Free Transferrable By Identifier By Value By Type
By move (Network reference) By copy (By move, Network reference) Re-binding (Network reference, By copy, By move)

Fixed Transferrable
Network reference By copy (Network reference) Re-binding (Network reference, By copy)

Fixed Not Transferrable


Network reference (Network reference) Re-binding (Network reference)

Fig. 4. Data space management mechanisms. For each mechanism, the configuration of bindings before and after migration of the grayed EU is shown.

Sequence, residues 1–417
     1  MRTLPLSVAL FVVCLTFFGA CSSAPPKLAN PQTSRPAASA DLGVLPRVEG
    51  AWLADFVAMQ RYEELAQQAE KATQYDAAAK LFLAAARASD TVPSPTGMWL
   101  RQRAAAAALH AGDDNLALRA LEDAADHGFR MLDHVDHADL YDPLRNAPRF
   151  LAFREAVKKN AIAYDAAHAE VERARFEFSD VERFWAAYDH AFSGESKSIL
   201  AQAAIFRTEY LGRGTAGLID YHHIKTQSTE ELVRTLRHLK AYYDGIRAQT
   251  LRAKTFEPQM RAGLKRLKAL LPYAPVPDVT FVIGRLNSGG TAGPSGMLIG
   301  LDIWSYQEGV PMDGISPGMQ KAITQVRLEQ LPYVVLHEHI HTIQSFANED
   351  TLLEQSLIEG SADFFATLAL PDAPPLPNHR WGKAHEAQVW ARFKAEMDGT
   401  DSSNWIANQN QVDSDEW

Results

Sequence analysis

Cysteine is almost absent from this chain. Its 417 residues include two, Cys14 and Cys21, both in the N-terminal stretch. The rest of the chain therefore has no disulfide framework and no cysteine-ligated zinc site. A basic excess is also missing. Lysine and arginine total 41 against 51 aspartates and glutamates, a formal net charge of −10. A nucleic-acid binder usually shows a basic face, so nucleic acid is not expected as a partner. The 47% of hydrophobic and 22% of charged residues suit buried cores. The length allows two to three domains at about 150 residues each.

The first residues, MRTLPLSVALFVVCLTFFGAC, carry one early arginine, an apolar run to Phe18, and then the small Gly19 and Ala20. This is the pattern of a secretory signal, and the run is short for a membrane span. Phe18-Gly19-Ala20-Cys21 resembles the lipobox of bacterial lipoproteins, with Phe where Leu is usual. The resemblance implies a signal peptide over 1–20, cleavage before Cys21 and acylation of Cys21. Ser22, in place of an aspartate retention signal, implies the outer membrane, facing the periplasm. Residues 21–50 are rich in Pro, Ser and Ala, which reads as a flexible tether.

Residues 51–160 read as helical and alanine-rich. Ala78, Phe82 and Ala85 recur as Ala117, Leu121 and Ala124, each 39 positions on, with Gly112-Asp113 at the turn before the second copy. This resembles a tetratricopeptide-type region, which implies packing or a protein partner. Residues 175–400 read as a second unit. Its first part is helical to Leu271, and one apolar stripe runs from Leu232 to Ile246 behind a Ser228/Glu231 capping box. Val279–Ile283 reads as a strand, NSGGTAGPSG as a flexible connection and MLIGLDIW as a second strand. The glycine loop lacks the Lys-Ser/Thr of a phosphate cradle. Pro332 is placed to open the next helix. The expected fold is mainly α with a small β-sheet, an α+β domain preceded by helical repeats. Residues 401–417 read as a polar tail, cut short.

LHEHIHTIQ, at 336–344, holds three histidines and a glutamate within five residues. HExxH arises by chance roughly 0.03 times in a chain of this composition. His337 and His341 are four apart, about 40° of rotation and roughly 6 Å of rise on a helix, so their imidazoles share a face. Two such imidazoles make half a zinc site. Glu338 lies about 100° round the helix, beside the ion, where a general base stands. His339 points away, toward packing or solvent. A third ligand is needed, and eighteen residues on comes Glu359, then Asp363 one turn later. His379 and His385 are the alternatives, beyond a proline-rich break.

Let us consider a migrating executing unit U whose data space contains a binding B to a resource R. A first general mechanism, which is independent of the type of binding or resource is binding removal. In this case, when U migrates, B is simply discarded. If access to bound resources must be preserved, different mechanisms must be exploited. If U is bound to R by identifier, two data space management mechanisms are suitable to preserve resource identity. The first is relocation by move. In this case, R is transferred along with U to the destination CE and the binding is not modified (Fig. 4a). Clearly, this mechanisms can be exploited only if R is a free transferrable resource. Otherwise, a network reference mechanism must be used. In this case, R is not transferred and once U has reached its target CE, B is modified to reference R in the source CE. Every subsequent attempt of U to access R through B will involve some communication with the source CE (Fig. 4b). The creation of inter-CE bindings is often not desirable because it exposes U to network problemse.g., partitioning, or delaysand makes it difficult to manage state consistency since the data space is actually distributed over the network. On the other hand, moving away a resource from its CE may cause problems to other EUs that own bindings to the moved resource. This latter situation may be managed in different ways. A first approach is to apply binding removal, i.e., to void bindings to the resource moved (see top of Fig. 4a). Subsequent attempts to access the resource through such bindings will rise an exception. A second approach is to retain the bindings to the resource at its new location by means of network references (see bottom of Fig. 4a).